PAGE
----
Background Central line-associated bloodstream infections (CLABSI) are the leading cause of healthcare-associated bloodstream infections, prolonging hospitalizations, and increasing healthcare costs, morbidity and mortality. The CLABSI incidence for Latin America has been estimated at 7.6 episodes per 1,000 central line days. In developing countries, CLABSI are usually the result of failing to follow evidence-based practices.
Objectives The ‘Goodbye Bacteremia' collaborative aimed at reducing the CLABSI incidence by 50% or to less than 2 episodes per 1,000 central line days from baseline within 12 months of the implementation of the collaborative.
Methods Design: Uncontrolled before-and-after CLABSI rates comparison. Setting: 83 ICUs from 32 hospitals from five Latin American countries.
Intervention: We used a quality-improvement collaborative to promote the adoption of bundles of care for the insertion and maintenance of central lines, coupled with education through virtual bi-weekly learning sessions, from June 2014 to June 2015.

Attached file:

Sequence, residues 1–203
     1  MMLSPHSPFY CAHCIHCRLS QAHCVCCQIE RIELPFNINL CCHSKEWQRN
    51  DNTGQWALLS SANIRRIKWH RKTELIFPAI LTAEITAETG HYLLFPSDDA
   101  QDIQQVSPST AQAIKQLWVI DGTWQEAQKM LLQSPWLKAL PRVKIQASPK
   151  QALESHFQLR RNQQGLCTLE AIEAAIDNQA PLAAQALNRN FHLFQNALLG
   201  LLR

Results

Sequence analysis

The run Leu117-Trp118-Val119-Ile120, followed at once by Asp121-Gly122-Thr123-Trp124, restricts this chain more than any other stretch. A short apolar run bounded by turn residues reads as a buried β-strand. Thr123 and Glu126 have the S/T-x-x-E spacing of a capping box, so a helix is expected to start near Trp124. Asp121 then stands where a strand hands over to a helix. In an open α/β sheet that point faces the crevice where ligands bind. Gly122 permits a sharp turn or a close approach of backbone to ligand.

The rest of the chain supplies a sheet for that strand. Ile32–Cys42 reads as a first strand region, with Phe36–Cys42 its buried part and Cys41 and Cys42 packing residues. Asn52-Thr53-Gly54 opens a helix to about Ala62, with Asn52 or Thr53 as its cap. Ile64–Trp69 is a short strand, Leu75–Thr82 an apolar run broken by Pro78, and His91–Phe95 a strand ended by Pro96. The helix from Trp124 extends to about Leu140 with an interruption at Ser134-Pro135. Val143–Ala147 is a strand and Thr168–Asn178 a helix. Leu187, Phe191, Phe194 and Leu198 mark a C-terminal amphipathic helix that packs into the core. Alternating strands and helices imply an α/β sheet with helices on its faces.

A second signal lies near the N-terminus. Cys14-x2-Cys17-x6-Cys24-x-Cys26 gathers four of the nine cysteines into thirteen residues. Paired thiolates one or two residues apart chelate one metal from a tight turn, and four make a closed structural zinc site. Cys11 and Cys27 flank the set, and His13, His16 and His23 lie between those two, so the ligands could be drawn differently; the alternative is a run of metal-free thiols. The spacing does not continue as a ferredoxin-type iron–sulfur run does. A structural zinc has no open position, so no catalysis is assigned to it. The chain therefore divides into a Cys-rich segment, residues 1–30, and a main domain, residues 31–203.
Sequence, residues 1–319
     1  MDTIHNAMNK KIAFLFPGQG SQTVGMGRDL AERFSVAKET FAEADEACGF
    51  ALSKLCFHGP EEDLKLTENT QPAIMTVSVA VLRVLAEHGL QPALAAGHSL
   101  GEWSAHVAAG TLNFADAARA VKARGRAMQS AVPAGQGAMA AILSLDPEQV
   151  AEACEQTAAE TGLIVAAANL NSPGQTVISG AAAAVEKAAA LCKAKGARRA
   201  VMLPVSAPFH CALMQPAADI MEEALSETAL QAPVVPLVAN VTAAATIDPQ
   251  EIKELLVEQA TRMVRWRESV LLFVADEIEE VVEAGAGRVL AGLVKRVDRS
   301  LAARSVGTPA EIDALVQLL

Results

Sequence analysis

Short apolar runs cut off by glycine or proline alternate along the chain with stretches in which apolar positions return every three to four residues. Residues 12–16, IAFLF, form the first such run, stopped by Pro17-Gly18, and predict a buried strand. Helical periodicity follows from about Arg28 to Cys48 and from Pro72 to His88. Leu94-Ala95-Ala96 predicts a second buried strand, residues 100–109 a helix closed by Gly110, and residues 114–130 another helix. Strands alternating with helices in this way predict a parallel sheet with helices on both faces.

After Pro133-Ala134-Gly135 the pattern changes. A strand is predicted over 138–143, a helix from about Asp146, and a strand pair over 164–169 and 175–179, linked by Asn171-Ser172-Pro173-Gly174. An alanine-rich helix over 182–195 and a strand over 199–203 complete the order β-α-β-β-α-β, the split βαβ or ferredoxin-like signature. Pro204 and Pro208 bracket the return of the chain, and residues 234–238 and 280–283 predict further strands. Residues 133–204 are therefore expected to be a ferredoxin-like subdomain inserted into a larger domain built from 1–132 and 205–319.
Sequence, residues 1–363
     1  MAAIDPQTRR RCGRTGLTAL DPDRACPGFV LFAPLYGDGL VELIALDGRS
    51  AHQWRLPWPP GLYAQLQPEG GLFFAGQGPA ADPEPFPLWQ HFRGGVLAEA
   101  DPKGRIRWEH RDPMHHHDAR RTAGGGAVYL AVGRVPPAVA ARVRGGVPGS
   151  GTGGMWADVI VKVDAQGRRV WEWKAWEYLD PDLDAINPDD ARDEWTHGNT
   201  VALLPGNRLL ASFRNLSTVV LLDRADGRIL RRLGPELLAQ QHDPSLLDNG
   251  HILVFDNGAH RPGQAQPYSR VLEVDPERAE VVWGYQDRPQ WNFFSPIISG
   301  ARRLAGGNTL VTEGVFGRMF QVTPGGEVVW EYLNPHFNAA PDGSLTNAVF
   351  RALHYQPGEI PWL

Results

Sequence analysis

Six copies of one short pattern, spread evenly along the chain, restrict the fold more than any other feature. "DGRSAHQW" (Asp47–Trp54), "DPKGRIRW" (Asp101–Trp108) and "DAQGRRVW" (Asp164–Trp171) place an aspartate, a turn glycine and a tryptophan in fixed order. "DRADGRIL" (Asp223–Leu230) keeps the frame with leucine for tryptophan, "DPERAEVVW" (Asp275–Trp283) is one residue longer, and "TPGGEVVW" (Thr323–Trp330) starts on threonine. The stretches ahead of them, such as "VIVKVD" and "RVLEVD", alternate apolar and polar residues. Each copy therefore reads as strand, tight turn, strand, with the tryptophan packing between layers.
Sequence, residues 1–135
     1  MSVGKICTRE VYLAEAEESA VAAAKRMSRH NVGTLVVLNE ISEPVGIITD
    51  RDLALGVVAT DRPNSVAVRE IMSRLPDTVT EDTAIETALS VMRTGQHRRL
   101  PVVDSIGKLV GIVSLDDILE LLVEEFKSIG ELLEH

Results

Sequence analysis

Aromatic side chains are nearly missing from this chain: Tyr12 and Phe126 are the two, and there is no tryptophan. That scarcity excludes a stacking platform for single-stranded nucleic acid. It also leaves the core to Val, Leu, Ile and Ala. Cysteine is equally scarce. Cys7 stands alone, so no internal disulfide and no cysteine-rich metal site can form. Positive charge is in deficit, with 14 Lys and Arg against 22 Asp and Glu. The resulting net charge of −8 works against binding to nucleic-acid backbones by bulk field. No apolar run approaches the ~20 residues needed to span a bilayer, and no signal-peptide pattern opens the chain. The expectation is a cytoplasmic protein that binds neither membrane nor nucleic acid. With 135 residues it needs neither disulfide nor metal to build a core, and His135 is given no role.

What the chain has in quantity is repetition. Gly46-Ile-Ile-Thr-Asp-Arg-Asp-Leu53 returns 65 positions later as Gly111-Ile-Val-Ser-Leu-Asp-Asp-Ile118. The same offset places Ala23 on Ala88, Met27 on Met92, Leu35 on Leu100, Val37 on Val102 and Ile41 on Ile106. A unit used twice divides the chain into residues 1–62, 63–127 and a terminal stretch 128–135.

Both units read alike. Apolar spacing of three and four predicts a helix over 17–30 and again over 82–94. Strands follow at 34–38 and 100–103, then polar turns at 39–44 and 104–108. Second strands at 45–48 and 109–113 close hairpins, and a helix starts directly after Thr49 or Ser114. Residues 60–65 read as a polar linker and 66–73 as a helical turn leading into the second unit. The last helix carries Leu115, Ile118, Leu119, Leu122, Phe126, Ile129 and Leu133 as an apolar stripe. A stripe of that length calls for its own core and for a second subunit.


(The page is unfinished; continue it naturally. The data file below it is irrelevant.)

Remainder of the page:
Measures: Self-reported CLABSI incidence; percentage compliance with central line insertion bundle; percentage compliance with central line maintenance bundle.
Results The overall reduction on the CLABSI incidence was 26% (incidence rate [IR], 0.78; 95% CI 0.61, 0.92) from 2.58 episodes per 1,000 central line days at baseline to 2.02 episodes per 1,000 central line days (p<0.01) during the collaborative. The average percentage compliance increased from 67.8% at baseline to 86.0% for the insertion bundle, and from 82.3% at baseline to 90.9% at the end of the collaborative for the maintenance bundle.
Conclusions Evidence-based interventions and multi-country collaborative work contributed to a significant reduction in the incidence of CLABSI in Latin American ICUs.⇓⇓⇓
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